India, US sign pact on semiconductor supply chain, innovation partnership | Business Standard News

India and the US on Friday signed a pact on setting up a supply chain and partnership, and established a sub-committee under the framework of the India-US Commercial Dialogue, revived after three years.

The sub-committee will be led by the US’s Department of Commerce and, on the Indian side, the Ministry of Electronics and Information Technology (MeitY) and the Ministry of Commerce and Industry. The first engagement of the sub-committee is expected to take place before the end of 2023.

“Recognising the importance of US and Indian markets to the global electronics industry, Secretary (Gina) Raimondo and Minister (Piyush) Goyal intend to utilise the Commercial Dialogue to enhance public and private efforts to promote industry cooperation in the sector. These efforts will identify opportunities for growth and challenges to address in order to ensure that US and Indian semiconductor industries develop stronger connections, complementary ecosystems, and a more diverse supply chain for semiconductors,” according to a joint statement.

Cooperation on semiconductors comes against the backdrop of the shortage of such chips, which had serious consequences such as supply disruption in automobile and electronics in both countries, particularly after the outbreak of Covid-19.

“The US would like to see India achieve its aspirations to play a larger role in the electronic supply chain. And the MoU (memorandum of understanding) we signed is designed to help achieve that goal. We’ve already begun action on the MoU, tasking both the Indian and American semiconductor industries to prepare an assessment of where they have gaps and lack of resilience in the supply chain and that will guide our work,” US Commerce Secretary Gina Raimondo told reporters in a joint briefing.

Co-chaired by Commerce and Industry Minister Piyush Goyal and Raimondo, the Commercial Dialogue is part of ongoing efforts to strengthen the US-India Comprehensive Global Strategic Partnership.

Goyal and Raimondo confirmed their intention to convene before the end of 2023 a mid-year review of the Commercial Dialogue, which will be led by senior government officials from both sides.

The key theme of the dialogue focused on resilient and secure supply chains; facilitating climate and clean technology cooperation; inclusive digital growth; talent development, including skilling; post-pandemic economic recovery, especially for micro, small, and medium enterprises and start-ups; and focus on cooperation on quality standards.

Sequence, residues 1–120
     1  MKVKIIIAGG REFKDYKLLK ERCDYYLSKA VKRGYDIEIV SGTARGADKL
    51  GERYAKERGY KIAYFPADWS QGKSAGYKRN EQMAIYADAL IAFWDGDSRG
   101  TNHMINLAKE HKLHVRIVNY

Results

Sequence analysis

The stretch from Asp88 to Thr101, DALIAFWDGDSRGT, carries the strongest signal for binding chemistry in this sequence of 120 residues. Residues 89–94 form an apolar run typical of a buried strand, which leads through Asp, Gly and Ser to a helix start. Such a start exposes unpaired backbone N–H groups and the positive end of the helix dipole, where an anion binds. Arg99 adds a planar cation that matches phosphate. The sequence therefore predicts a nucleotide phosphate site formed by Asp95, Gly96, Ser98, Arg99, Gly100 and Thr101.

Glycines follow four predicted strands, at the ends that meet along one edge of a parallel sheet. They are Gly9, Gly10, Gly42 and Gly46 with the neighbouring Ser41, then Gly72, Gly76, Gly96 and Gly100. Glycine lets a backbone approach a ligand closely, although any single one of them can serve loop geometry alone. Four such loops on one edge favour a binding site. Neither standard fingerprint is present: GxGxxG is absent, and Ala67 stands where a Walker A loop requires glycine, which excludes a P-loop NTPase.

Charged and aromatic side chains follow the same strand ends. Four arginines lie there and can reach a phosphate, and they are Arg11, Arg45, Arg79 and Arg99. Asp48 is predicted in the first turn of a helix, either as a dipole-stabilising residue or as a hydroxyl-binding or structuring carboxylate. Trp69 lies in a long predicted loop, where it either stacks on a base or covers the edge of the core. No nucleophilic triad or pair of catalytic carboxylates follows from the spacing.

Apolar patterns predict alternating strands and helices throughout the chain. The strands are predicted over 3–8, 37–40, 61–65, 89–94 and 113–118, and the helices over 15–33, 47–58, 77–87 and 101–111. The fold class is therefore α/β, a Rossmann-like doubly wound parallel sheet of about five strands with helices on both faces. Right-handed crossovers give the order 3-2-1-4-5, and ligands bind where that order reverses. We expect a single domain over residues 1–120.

Raimondo led a high-level business delegation of American chief executive officers (CEOs) for the India-US CEO Forum, aiming to focus on shared strategic priorities on both sides.

Goyal said both countries launched the Standards and Conformance Cooperation Program, which would be carried out by the US’s American National Standard Institute and India’s Bureau of Indian Standards.

“India has recognised that we have to be quality suppliers and consumers in goods and services. We offer a large marketplace, and can capitalise on economies of scale to meet India’s and the world’s needs. We need to align in terms of international standards,” Goyal said.

The joint statement further said that both sides intended to continue engaging on cross-border data flows and other relevant issues, including in appropriate multilateral forums.

“Both ministers also expressed interest in working together in developing next-generation standards in telecommunications, including 6G. They anticipate efforts to include cooperation between relevant government agencies, standards organisations, and industry bodies. Both sides intend to further work together in validation and deployment of trusted and secure next-generation telecom network equipment, including Open RAN, as well as in subsequent generations of telecommunications infrastructure,” it said.

The US is India’s largest exporter and trading partner while India is the ninth-largest trading partner for the US. Bilateral merchandise trade during April-January stood at $108.43 billion. Both nations aim to achieve bilateral trade of $500 billion by 2025.

The US is also the third-biggest source of foreign direct investment for India, and is one of the top five investment destinations for India.